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Boozy Dried-Fruit Tart

Boozy Dried-Fruit Tart 8.000

Deb Lindsey for The Washington Post

DIY Oct 7, 2015

This make-ahead tart is rich, boozy and perfect for lovers of mincemeat. Make it with just about any dried fruit you've got on hand: prunes, apricots, raisins, cranberries, cherries, apples.

To get a jump on the holiday pie season, let the fruit sit in the brandy right on the counter for a month or more. Once it’s time, remove what is needed, leaving the rest to further soften and absorb the brandy. The fruit is only going to get better.

You'll need a 9-inch tart pan with a removable bottom and with sides that are at least 1 inch deep.

Make Ahead: The dried fruit needs to macerate for at least 24 hours and up to 1 month. The assembled, unbaked pie can be frozen for up to 1 month in advance. The baked tart can be held at room temperature for up to 3 days.


Servings:
8

When you scale a recipe, keep in mind that cooking times and temperatures, pan sizes and seasonings may be affected, so adjust accordingly. Also, amounts listed in the directions will not reflect the changes made to ingredient amounts.

Tested size: 8 servings; makes one 9-inch tart or four 4-inch tarts

Ingredients
  • 1 pound dried fruit (see headnote)
  • 1/2 cup inexpensive brandy
  • Wide strips of zest (little to no pith) and juice of 1 medium orange
  • One 3-inch cinnamon stick
  • 1 tablespoon cornstarch
  • Flour, for the work surface
  • 2 disks of refrigerated homemade or store-bought pie dough (enough for a double-crust pie)
  • Heavy cream, for brushing

Directions

Combine the dried fruit, brandy, strips of orange zest and the cinnamon stick in a deep, 1-quart bowl or jar. Cover and soak for at least 24 hours (and up to 1 month), turning the fruit occasionally.

Drain the fruit, reserving the brandy and discarding the cinnamon stick. Chop the fruit and orange zest into small dice either by hand or in the food processor; if using the latter, pulse quickly to retain as much texture as possible.

Whisk together the orange juice and cornstarch in a medium saucepan until smooth. Place over medium heat; cook, whisking constantly, until thickened a bit. Remove from the heat and whisk in the brandy. Add the diced fruit, stirring until well incorporated. Cool completely.

Lightly flour a work surface. Roll out one of the disks of pie dough to a round that's 11 inches in diameter. Carefully transfer to the tart pan; press lightly against the sides and bottom. Fold over and tuck in the dough overhang, pressing lightly against the side of the tart pan to form a sturdy, thicker edge. Fill with the fruit mixture.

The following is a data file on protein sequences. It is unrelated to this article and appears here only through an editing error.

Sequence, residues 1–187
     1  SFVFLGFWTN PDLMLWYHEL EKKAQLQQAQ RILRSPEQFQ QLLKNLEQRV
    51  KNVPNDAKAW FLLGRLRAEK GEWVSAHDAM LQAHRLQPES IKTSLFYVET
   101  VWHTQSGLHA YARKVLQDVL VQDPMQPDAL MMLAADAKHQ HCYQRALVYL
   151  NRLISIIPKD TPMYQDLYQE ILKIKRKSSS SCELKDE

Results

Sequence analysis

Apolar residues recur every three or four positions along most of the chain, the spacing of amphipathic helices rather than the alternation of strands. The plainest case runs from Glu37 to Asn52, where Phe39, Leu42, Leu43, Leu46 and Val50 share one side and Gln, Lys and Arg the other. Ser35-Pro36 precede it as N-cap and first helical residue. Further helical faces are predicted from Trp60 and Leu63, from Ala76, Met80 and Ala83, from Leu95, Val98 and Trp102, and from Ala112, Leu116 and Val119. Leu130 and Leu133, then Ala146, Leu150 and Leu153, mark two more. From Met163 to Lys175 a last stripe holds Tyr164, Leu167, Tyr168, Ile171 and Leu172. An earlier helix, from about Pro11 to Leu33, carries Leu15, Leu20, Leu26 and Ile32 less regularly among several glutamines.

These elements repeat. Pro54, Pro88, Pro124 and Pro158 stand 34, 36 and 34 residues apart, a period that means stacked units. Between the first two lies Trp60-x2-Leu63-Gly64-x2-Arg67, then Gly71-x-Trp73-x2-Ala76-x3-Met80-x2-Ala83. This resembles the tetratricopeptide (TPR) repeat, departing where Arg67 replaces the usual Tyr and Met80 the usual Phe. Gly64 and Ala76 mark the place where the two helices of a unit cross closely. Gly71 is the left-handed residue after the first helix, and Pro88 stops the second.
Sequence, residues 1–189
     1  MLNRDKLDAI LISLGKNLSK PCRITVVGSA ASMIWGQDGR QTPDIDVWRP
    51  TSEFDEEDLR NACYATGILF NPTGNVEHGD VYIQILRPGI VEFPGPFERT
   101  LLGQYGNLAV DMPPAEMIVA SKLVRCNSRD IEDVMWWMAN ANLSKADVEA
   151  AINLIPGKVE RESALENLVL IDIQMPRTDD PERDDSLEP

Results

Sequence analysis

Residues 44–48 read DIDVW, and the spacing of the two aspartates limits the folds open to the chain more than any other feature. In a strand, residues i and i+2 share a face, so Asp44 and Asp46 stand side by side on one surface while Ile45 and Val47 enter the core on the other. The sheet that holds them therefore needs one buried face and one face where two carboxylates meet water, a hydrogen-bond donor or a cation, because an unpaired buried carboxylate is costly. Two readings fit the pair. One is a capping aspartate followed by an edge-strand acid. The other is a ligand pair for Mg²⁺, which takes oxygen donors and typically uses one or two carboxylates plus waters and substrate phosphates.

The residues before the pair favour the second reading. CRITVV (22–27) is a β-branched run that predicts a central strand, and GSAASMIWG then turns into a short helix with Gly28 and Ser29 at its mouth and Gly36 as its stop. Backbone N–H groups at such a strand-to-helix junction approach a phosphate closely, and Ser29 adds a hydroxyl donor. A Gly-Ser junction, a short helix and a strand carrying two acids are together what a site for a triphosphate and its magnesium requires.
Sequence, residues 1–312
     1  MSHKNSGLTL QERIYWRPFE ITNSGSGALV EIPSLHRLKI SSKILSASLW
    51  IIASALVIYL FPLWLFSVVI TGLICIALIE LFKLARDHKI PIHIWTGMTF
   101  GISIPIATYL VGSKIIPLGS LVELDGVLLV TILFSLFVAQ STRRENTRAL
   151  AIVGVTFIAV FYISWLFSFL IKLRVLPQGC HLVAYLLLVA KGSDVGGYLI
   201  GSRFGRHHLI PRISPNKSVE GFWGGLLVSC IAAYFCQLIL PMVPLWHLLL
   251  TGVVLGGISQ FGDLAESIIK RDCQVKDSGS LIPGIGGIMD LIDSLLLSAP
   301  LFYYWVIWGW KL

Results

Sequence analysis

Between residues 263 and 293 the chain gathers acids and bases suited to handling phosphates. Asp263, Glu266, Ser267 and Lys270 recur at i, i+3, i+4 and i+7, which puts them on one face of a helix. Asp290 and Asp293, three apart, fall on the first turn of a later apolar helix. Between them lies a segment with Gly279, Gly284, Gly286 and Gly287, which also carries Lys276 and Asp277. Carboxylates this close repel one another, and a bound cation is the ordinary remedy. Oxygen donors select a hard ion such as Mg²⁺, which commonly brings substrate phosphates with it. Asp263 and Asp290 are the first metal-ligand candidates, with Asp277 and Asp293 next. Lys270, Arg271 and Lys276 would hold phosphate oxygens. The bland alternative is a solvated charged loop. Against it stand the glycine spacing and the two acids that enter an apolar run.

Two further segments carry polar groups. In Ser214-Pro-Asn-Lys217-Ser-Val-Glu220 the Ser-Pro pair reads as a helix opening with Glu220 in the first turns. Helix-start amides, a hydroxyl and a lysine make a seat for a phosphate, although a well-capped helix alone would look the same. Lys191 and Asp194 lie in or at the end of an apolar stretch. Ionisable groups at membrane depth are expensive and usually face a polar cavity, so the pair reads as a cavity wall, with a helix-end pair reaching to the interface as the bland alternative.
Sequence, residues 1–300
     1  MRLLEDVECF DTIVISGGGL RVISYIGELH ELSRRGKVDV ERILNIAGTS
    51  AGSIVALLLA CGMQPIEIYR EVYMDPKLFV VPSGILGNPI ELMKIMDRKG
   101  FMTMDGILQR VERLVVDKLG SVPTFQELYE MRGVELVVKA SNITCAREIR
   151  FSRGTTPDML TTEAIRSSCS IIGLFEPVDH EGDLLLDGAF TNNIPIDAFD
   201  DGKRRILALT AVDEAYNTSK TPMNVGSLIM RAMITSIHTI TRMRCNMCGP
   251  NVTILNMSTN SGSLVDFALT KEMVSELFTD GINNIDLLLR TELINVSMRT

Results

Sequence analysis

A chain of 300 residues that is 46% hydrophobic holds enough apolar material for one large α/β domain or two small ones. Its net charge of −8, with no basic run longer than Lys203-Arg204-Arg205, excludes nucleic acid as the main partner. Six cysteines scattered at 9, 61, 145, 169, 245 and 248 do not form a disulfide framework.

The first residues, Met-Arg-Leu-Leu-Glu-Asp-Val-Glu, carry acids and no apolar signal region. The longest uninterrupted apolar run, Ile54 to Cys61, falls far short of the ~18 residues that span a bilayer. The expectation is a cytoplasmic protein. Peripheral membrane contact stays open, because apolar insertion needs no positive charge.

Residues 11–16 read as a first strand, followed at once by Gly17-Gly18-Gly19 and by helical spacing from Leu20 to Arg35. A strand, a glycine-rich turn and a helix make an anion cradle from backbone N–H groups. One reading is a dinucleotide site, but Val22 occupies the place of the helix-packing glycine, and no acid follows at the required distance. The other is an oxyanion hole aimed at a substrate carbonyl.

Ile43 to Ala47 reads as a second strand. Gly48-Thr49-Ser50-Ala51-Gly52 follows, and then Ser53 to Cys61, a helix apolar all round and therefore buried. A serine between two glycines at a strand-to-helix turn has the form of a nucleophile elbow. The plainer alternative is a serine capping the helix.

Roll out the remaining disk of dough to a round that's 11 inches in diameter. To form a lattice, cut the round into 10 strips of equal width; drape or weave them over the filling as you like. (Trim off and discard excess dough at the edges and press to seal.) Or use a cookie cutter to cut out shapes in the 11-inch round of dough and arrange them over the filling as you like. Make sure that the dough shapes just touch each other or overlap a bit here and there, and that there's enough space between them for the filling to bubble up and for steam to escape as the tart bakes.

Place the tart, uncovered, on a level surface in the freezer; freeze for 8 hours, then wrap the frozen pie carefully: Place a layer of parchment paper over the surface, then wrap the pie first in plastic wrap and then in aluminum foil. Label the top of the foil with the contents and directions for baking.

When ready to bake, preheat the oven to 425 degrees. Line a baking sheet with parchment paper.

Remove the tart from the freezer, unwrap and place on the baking sheet. Lightly brush the top with heavy cream. Bake the still-frozen tart (middle rack) for 20 minutes, then reduce the temperature to 350 degrees; bake for 35 minutes or until the juices are bubbling and the crust is golden brown.

Let the tart cool for at least 30 minutes before serving, or cool completely before storing.

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Recipe Source

From Cathy Barrow, the author of “Mrs. Wheelbarrow’s Practical Pantry: Recipes and Techniques for Year-Round Preserving” (W.W. Norton, 2014).

Tested by Cathy Barrow.

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Email questions to the Food Section at food@washpost.com.

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Nutritional Facts

Calories per serving: 410


% Daily Values*

Total Fat: 17g 26%

Saturated Fat: 5g 25%

Cholesterol: 5mg 2%

Sodium: 240mg 10%

Total Carbohydrates: 54g 18%

Dietary Fiber: 5g 20%

Sugar: 23g

Protein: 4g


*Percent Daily Value based on a 2,000 calorie diet. Your daily values may be higher or lower depending on your calorie needs.

Total Fat: Less than 65g

Saturated Fat: Less than 20g

Cholesterol: Less than 300mg

Sodium: Less than 2,400mg

Total Carbohydrates: 300g

Dietary Fiber: 25g

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